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Military Defense Blog

Can debt prevent you from obtaining needed security clearance?

As a military service member, you know that you have a set of standards to uphold. When you joined the military, the regimented and structured lifestyle may have been something that appealed to you in the first place. As your career in the armed forces has progressed, you now need to apply for a higher security clearance.

Though you undoubtedly know that your behavior and record can affect your ability to obtain necessary clearance, did you know that your debt and financial history could influence it as well? If not, you may have recently found yourself in a difficult predicament as missed credit card payments or other issues have affected your application.

What factors are considered during administrative separation?

When you joined the military, you may have intended to make it your nearly life-long career. You wanted to serve your country, learn new skills, find personal growth and gain many other benefits that come along with military service. What you did not anticipate, however, was facing administrative separation proceedings and possibly an early discharge from your branch of service.

The reasons for the discharge could relate to misconduct or other factors, but you still believe that you do not deserve such a severe outcome as a dishonorable discharge from the military. Of course, different types of discharge exist, but even if you are not at risk of a dishonorable discharge, you could face an other-than-honorable discharge or general discharge that still results in a less-than-stellar mark on your service record.

Which type of court-martial are you facing?

Joining the military may have been a dream of yours from a young age. You may even have had family members who served and caused you to have a strong respect and admiration for military service members. Whatever the reason, you chose to make the military a significant part of your life.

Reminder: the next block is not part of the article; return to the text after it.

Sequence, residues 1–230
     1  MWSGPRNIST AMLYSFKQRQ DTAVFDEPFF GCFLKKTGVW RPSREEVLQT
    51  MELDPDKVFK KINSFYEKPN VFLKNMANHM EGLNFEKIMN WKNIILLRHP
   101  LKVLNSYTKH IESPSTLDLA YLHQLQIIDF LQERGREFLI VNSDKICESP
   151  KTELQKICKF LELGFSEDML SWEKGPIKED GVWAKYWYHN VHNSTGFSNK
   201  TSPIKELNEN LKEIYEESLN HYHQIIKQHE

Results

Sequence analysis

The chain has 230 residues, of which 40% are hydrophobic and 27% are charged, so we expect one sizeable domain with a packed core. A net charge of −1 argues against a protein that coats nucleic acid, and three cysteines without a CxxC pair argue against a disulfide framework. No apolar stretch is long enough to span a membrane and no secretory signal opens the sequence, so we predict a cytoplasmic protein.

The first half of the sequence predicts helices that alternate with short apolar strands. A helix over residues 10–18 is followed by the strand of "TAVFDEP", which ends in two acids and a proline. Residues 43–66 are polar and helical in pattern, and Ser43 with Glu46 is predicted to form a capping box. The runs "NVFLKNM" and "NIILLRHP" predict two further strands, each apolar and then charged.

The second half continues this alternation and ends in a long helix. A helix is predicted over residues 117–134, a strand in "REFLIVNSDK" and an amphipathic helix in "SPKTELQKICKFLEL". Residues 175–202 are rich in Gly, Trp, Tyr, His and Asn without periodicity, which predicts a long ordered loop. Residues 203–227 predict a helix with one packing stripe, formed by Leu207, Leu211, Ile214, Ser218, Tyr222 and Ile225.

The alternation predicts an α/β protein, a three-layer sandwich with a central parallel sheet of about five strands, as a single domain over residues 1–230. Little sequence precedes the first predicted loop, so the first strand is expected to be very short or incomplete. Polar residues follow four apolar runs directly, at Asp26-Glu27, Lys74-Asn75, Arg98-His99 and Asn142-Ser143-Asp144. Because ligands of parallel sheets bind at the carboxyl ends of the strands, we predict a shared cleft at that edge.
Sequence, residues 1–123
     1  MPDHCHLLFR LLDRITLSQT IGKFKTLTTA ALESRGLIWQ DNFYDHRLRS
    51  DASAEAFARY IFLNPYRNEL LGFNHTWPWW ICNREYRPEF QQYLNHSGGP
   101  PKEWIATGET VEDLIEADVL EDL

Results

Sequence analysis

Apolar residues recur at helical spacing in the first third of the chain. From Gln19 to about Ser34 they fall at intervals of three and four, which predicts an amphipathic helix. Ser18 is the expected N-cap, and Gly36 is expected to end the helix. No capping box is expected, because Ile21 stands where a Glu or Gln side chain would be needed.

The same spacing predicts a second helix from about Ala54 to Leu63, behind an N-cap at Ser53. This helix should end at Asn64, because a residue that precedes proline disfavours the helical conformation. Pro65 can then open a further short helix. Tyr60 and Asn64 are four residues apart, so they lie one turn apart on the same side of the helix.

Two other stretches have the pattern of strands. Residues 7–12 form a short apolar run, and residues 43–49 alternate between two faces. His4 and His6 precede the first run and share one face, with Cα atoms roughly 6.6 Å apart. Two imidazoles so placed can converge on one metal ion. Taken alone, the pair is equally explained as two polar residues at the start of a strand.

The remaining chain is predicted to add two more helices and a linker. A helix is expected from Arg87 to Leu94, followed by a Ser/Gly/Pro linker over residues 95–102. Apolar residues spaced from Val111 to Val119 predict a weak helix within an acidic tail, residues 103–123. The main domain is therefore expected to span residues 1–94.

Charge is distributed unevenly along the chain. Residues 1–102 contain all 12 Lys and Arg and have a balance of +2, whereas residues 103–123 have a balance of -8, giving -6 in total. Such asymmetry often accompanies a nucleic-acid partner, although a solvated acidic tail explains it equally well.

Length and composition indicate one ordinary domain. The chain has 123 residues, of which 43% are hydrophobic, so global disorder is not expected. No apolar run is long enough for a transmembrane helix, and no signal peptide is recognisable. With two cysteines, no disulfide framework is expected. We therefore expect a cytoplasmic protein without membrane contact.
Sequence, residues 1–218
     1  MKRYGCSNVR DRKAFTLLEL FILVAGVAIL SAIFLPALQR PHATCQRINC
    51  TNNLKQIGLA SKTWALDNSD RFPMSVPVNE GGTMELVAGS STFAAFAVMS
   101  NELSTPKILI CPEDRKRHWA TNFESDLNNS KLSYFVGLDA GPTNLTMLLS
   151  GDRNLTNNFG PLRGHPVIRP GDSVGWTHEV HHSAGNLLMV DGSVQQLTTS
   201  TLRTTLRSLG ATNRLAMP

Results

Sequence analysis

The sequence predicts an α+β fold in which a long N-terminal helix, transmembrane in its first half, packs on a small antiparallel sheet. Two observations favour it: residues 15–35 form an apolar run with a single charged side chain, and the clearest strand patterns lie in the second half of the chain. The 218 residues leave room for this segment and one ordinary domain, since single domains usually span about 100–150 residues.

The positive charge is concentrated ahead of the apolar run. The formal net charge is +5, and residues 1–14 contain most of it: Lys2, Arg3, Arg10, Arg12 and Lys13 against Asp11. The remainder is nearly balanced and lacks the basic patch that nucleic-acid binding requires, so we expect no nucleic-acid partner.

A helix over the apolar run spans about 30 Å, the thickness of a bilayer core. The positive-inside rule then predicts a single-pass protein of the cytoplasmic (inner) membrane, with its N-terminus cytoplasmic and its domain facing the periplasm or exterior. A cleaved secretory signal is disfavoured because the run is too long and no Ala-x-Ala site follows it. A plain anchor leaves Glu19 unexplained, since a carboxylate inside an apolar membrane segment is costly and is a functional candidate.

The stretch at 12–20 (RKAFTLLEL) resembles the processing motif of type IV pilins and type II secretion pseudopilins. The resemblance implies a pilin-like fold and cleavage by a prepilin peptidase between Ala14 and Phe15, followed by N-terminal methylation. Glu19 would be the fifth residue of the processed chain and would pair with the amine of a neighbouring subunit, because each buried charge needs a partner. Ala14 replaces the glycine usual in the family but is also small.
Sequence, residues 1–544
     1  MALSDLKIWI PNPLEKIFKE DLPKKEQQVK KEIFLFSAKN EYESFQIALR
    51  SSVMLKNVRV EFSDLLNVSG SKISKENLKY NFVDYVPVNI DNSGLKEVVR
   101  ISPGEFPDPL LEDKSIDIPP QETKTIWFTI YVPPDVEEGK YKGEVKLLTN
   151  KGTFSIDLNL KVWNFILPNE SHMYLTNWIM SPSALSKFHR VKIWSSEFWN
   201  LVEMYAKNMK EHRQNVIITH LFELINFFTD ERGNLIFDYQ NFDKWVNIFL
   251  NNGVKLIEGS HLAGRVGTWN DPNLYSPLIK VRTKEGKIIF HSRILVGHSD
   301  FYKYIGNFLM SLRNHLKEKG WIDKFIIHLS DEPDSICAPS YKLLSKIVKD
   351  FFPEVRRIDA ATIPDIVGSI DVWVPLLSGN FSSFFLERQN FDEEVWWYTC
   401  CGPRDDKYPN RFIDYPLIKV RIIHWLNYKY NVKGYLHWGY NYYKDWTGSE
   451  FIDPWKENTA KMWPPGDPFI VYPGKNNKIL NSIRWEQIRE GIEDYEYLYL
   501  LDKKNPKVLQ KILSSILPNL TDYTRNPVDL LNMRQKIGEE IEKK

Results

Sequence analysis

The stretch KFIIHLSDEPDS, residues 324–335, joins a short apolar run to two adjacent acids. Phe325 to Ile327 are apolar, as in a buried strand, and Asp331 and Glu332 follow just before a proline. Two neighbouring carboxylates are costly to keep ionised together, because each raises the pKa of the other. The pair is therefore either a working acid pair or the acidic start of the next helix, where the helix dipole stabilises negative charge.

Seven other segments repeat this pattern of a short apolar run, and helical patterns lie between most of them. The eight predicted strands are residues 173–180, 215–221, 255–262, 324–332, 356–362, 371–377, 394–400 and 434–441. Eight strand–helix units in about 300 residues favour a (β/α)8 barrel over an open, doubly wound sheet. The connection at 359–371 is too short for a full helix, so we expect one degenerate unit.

However, like many people, you may have experienced unexpected scenarios that put your spotless military record at risk. In fact, you may have recently found yourself facing a court-martial. You understand the seriousness of this type of situation for a military member, and you want to do what you can to keep your reputation and record intact.

Is your conduct unbecoming an officer?

Integrity is a virtue the military values highly. After all, members of the armed services defend the country's ideals. Therefore, each branch of the military sets standards for morality that are higher than those of the general public. This is because of the serious responsibilities service members have and because they represent the United States by their actions.

Because of the weight the military gives to moral and ethical behavior, certain actions fall under the heading of "conduct unbecoming an officer." Often, items included under this heading are those for which civilians would not receive punishment although others may lose respect for civilians whose conduct is unbecoming. In the military, however, that loss of respect can go deep. In fact, if you are facing a charge of conduct unbecoming an officer, your military future may be on the line.

Unjust errors on your military record can impede your life

Serving in the armed forces is something of which many in the United States are proud. Some decide right after high school to join a certain branch of the military, postponing college, marriage and career paths to serve the country in whatever way they can. It is not an easy life, especially if the government deploys you to harsh corners of the globe.